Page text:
Trusts for compensation are intended to protect eligibility for means tested benefits and care. I always advise the simplest form of trust be used, but your question about the type of trust cannot be firmly answered until you know what the settlement figure will be and how the compensation will be used.
      I do not agree to act as a professional trustee. It tends to be expensive, but such services are available.

  2. Lynn mears says:

    Hello Mark,
    I am about to receive a compensation cheque following a personal injury. I am in receipt of various benefits as I am disabled and cannot work. My husband is my carer. I want to open an account that will protect my benefits.
    The compensation money will need to be used for a deposit on a new car and a couple of other items, therefore I will need to be able to access this account. What sort of account would you recommend?
    I look forward to hearing from you

    • Mark Thompson says:

      The first thing you need is a trust. The trust is created by a legal document, called a deed. Once complete the trustees take the deed to a bank and open the trust account.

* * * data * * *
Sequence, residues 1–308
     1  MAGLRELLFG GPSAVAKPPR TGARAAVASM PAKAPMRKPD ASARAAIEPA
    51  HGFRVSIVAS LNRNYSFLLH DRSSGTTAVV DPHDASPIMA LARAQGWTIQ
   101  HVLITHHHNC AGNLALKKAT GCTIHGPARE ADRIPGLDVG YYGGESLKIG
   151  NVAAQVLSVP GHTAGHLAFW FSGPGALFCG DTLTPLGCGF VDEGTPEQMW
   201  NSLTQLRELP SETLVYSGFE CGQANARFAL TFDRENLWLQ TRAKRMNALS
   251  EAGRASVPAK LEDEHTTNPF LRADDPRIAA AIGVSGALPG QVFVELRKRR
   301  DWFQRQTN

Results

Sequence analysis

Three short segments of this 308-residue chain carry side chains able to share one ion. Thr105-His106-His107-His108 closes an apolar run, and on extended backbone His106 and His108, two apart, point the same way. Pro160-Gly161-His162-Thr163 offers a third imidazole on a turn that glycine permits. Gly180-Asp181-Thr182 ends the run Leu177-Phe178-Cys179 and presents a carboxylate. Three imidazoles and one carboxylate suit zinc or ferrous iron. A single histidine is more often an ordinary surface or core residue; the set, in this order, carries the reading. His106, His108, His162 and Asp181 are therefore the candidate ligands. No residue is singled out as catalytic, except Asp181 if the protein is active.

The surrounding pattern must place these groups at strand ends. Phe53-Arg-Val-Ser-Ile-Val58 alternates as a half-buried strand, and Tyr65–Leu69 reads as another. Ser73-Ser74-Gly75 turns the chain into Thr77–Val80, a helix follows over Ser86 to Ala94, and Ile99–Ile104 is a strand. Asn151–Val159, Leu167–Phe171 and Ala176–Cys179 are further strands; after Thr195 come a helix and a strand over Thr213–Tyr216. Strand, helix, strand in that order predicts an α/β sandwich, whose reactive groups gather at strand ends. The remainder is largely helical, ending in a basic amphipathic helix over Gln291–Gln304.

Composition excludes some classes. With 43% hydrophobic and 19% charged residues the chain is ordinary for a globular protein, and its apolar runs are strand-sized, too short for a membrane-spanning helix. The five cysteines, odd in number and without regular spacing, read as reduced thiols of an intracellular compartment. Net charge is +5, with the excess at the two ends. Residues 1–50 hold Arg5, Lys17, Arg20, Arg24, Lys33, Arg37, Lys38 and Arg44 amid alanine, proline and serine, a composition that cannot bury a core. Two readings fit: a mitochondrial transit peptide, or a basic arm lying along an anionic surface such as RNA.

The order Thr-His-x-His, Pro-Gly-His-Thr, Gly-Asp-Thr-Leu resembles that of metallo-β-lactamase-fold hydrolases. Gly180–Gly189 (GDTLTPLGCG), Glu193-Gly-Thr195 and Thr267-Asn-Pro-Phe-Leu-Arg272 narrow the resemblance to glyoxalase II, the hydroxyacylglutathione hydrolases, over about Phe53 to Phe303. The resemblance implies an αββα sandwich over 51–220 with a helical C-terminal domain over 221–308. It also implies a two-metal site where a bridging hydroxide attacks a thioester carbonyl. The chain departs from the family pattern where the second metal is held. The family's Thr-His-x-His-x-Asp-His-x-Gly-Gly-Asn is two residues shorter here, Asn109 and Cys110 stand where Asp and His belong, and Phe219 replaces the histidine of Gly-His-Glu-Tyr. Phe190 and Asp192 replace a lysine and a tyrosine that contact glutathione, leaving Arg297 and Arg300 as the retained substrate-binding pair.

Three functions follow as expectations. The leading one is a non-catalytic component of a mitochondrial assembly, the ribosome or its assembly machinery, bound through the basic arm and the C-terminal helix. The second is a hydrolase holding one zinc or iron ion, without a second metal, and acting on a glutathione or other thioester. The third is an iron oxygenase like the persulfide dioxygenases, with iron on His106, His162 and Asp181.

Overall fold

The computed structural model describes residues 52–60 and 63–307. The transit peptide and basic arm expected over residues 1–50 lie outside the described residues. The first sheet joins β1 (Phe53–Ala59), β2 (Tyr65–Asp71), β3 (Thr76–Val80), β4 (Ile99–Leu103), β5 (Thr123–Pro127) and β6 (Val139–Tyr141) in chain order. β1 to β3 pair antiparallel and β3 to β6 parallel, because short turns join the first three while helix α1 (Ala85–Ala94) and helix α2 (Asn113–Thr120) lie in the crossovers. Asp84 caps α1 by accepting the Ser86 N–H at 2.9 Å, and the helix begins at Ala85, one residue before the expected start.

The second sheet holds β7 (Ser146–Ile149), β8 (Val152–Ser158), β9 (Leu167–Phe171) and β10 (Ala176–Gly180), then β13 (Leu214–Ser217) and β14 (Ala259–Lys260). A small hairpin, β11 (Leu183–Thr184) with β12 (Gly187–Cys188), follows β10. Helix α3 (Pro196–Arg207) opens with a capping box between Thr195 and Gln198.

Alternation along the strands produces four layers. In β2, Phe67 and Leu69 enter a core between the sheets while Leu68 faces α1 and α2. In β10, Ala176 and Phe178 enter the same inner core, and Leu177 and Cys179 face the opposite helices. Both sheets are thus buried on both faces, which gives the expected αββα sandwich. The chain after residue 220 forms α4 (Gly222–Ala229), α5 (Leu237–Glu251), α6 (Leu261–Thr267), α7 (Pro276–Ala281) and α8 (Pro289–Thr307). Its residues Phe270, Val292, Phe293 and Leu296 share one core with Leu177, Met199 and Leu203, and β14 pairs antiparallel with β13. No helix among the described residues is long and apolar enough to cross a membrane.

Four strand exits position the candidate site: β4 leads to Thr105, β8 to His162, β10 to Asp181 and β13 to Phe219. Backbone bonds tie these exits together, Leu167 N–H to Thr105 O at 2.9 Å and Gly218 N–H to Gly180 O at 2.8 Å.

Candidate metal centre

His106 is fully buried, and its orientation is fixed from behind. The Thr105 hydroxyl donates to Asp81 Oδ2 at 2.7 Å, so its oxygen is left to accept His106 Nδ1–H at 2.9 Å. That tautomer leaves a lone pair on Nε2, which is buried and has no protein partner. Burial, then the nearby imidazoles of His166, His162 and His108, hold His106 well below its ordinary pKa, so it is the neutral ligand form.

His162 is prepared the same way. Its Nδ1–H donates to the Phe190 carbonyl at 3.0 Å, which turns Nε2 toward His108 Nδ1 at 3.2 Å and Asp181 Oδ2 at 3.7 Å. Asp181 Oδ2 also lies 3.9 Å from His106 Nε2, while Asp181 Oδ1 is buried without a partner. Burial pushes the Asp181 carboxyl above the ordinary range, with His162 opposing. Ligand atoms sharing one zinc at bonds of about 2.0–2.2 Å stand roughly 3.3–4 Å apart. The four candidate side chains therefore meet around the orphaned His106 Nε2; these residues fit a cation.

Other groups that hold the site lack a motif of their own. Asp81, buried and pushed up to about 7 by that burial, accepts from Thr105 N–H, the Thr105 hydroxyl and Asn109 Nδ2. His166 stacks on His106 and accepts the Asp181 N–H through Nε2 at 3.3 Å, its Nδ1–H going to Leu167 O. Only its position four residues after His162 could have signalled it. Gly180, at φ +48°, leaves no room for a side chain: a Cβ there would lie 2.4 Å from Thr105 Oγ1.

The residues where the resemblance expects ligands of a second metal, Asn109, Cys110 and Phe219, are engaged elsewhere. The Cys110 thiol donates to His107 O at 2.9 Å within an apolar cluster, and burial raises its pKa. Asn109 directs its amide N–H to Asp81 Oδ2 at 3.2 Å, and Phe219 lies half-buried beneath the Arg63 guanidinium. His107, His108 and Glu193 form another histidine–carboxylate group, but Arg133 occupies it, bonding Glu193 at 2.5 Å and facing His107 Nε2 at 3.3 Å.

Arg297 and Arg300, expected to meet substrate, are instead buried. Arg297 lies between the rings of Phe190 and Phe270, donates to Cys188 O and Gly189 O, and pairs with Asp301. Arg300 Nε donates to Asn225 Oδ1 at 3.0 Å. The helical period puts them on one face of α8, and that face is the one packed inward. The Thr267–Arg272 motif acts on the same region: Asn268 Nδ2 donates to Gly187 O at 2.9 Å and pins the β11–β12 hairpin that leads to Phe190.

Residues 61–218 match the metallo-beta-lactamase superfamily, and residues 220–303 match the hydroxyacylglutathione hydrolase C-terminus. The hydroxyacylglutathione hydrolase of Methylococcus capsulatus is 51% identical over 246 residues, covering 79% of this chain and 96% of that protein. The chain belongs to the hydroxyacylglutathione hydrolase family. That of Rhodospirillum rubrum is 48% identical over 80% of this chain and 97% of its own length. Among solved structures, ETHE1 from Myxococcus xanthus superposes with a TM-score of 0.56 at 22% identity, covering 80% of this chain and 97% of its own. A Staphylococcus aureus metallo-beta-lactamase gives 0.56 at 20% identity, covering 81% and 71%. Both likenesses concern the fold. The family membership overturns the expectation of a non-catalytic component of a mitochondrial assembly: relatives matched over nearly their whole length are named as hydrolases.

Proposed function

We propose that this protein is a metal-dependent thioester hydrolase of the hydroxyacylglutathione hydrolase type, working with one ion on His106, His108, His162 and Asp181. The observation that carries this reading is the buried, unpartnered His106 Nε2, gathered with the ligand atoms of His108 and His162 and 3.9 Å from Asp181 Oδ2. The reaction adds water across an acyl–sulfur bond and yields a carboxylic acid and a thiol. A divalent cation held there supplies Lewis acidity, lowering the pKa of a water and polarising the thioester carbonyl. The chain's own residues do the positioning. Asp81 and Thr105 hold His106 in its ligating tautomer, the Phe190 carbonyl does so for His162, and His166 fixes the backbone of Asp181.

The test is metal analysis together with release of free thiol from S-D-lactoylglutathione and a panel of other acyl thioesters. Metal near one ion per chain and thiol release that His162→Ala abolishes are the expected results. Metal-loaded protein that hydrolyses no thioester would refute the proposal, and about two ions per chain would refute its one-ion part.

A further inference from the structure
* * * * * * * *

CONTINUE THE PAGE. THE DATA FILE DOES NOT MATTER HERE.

3. Rocky says:

    Hello, an organisation has admitted to causing psychiatric harm, and I am in the process of negotiating a public liability insurance claim. I’d like to know:
    1. if it is only the injury compensation part that can be put into a trust? What about the loss of earnings part of the compensation? Is that a separate thing when it comes to ring fencing through a trust?
    2. If I set up a trust, can I then get the trust to invest into a share ownership scheme with the housing association, so that it pays for the shares that I’m supposed to buy, and I pay for the rent from my own money?
    3. If the shared ownership thing is allowed, will my trustees or myself have many paperwork to do to report annual finances, or could it be just a simple statement to say there is no cash in the account, because it has all gone into the shared ownership scheme?